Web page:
Bartenders at Austin's Steak and Ale House pair an extensive, international beer selection from far-away locales including Sweden, Belgium, and the Czech Republic with a menu of elegant pub-style comfort fare. Each of the 20 brews on tap boasts individual temperature and pressure controls, helping ensure that sippers experience maximum flavor and can construct sturdy sculptures from the foam heads. In the kitchen, chefs dish up classic pub fare peppered with creative ingredients, such as Black Angus burgers bedecked with garlic-cumin chili, fried egg, and pineapple, as well as entrees that showcase high-quality cuts of beef and fresh seafood. Outdoor seating areas deposit diners in a foliage-filled garden or on a patio covered by umbrellas. Inside, numerous paintings perch atop exposed-brick and dark wood-paneled walls, and dangling lights and flat-screen TVs illuminate the restaurant's dining room, full bar, and unnecessary collection of night-vision goggles.
Arirang Hibachi Steakhouse and Sushi Bar's hibachi chefs pull double duty, acting as entertainers in addition to grillmasters. They captivate large groups of diners with whirling knifework, dynamic spatula twirls, and the occasional spout of flame at tableside hibachi grills, flipping hot portions of lobster and chicken directly onto waiting plates. Behind the bamboo-finished bar, the sushi chefs move more slowly as they carefully seal colorful combinations of veggies, seafood, and vinegar-anointed rice within sheets of delicate seaweed. Like a poltergeist beauty pageant, not all of the talent is visible to the eye—the culinary team makes some of the restaurant's most exotic dishes, such as kobe beef sliders and wasabi-crusted filet mignon, behind the closed doors of the kitchen.
As chronicled on Free Williamsburg, the dry-aged and char-grilled steaks at DeStefano's Steakhouse are cut "as thick as the last Harry Potter book" before they're served atop heated plates. Executive chef Alex Golovin approaches the entire menu with an old-school sensibility that highlights classic cuts alongside houses take on chicken cordon bleu and seafood pasta dishes. These plates pair with a compact list of cordials, brandy, and scotch, as well as nearly 100 international red and white wines.
Owner Joey DeStefano is deeply committed to his area's history, courting "more of an old-school neighborhood crowd" than Williamsburg gentrifiers. But wherever you come from, Joey will try his best to make you feel like family. The familial atmosphere comes naturally, due to the fact that the restaurant inhabits the former home of Joey's mother and still houses several of his childhood sleds, each named Rosebud. Outside the brick building, old-fashioned lettering and a neon sign proclaiming "Dee's Corner" welcome guests inside, where family photos line the walls and a fireplace casts its glow on a pressed-tin ceiling.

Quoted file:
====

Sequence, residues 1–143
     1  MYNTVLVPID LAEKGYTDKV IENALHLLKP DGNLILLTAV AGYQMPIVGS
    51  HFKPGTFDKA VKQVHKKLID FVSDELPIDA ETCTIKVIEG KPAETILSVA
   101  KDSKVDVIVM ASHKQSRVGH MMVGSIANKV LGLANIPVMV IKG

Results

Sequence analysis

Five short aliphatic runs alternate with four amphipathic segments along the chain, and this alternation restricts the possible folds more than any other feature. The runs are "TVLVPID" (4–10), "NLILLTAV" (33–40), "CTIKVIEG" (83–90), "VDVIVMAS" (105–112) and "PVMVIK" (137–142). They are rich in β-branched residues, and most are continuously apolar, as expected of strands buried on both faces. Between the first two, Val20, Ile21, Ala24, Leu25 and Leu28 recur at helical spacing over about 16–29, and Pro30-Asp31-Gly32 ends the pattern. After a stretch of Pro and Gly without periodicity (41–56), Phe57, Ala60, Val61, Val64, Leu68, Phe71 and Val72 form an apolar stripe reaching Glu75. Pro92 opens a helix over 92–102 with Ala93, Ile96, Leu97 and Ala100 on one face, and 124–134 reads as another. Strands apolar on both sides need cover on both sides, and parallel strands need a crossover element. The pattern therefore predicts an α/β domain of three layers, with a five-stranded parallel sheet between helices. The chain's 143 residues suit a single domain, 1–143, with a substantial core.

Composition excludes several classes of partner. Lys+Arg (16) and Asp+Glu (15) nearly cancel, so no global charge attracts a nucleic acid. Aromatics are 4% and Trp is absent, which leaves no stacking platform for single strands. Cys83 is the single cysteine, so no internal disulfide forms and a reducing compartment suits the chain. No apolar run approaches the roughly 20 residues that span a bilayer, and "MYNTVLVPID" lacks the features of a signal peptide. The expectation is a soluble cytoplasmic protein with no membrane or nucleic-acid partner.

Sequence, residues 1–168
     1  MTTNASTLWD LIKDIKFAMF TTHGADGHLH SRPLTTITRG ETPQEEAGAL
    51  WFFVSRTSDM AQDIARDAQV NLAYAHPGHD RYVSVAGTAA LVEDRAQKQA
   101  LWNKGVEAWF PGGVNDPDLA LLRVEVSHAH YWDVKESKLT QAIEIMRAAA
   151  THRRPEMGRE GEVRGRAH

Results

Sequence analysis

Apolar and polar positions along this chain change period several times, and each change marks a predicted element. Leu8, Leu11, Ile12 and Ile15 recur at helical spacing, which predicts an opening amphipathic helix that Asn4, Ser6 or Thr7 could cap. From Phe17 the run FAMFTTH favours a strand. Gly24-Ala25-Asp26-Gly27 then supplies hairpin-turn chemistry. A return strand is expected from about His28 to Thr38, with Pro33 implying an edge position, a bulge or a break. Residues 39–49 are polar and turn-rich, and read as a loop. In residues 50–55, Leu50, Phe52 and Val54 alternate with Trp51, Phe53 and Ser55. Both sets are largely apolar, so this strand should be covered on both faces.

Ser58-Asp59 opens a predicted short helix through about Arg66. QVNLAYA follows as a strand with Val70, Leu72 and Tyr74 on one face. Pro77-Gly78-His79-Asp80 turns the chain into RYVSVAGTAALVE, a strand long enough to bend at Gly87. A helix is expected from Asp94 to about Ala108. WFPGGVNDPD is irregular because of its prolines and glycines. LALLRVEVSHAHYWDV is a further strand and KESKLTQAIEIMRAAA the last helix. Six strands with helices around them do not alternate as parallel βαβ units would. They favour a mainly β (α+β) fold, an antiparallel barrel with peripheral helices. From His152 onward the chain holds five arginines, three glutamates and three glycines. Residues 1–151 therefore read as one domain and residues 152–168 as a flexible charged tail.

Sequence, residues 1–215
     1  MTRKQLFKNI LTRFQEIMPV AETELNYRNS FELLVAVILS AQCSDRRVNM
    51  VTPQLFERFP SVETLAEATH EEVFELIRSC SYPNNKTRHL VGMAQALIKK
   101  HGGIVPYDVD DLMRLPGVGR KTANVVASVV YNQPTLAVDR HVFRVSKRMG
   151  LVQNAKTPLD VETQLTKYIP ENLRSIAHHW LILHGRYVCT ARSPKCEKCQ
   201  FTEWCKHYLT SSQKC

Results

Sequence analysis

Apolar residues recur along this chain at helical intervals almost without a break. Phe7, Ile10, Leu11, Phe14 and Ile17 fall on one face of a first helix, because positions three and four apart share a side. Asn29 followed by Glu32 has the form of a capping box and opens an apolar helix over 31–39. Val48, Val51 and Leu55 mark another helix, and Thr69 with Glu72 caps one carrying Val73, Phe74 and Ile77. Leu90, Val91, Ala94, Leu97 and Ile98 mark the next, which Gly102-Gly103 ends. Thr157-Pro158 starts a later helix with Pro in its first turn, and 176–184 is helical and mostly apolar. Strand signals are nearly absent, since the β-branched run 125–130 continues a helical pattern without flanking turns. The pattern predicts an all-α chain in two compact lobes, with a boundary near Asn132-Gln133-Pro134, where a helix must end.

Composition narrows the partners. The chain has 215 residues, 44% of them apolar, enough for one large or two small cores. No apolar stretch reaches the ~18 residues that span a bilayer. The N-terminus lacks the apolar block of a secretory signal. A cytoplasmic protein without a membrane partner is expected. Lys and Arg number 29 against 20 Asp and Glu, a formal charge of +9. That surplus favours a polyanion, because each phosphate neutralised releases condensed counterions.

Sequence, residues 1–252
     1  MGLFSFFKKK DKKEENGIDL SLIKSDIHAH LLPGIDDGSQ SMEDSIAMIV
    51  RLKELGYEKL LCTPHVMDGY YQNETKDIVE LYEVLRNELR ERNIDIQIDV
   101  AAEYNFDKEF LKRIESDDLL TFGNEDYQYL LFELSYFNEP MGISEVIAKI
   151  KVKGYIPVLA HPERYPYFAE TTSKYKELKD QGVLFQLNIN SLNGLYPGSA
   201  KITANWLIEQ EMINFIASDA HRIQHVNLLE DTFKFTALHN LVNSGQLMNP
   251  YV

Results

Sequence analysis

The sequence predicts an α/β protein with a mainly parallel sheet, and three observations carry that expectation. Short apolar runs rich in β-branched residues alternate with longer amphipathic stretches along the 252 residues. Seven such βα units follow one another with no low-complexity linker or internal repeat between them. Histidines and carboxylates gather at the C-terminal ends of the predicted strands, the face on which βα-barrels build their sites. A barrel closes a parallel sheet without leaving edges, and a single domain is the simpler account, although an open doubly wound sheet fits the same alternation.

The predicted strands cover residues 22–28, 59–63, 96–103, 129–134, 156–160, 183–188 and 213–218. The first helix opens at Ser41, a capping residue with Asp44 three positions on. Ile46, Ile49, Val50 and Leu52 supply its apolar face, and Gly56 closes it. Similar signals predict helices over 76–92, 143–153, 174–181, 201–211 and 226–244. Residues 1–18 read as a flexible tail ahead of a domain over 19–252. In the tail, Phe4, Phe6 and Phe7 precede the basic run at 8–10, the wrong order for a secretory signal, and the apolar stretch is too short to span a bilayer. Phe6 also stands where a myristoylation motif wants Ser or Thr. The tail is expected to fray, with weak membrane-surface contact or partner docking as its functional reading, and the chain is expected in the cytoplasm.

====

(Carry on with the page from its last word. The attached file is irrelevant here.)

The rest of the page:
The grand chambers of New York Steak House are lined with mahogany walls that run its length under hand-stained stamped copper ceilings, giving the space a classy, timeless feel. As fire crackles under the mantle, a musician might skitter fingers across the baby grand piano and diners peruse a menu of traditional steakhouse cuisine. Carnivorous selections include classic cuts of beef along with short ribs braised for six hours. Diners who choose seafood entrees might enjoy a sea bass or scallops with an Asian twist, not because it’s wrapped in bamboo, but because it’s artfully seasoned with sweet soy sauce, teriyaki, or ginger.
At Moldova Restaurant, diners don?t just run into their Brooklyn neighbors, they make friends with visitors from Moldova, Romania, and other Eastern European countries as well. This is because owner Radu Panfil and his culinary team labor over centuries-old recipes, ensuring only authentic Moldavian ingredients grace the menu. Traditional plates of stuffed chicken breasts topped with cheese, lamb kabobs, and carp fried in cornmeal join house specials such as the mamaliga trapeza?cornmeal encircled by assorted meats, cheese, sour cream, and scrambled eggs. These entrees, as well as desserts, such as stuffed dried plums or crepes with sour cherries and cream, have earned the eatery attention abroad, including in a Romanian piece for Radio Europa Libera.
And the food is not the only Moldovan staple of the restaurant. Panfil and crew take great pains to replicate the country?s old-world charm with traditional folk art and paintings, banquet hall-style seating, Slavic-patterned ceilings, and tapestries from the homeland. They also host live music, inspiring patrons to join hands in a joyful circle dance. And to amp up the festiveness during the holidays, they light up the dining room by dangling folk dolls and other appropriate d?cor from the soft wooded beams that cross over the white and gray ceiling.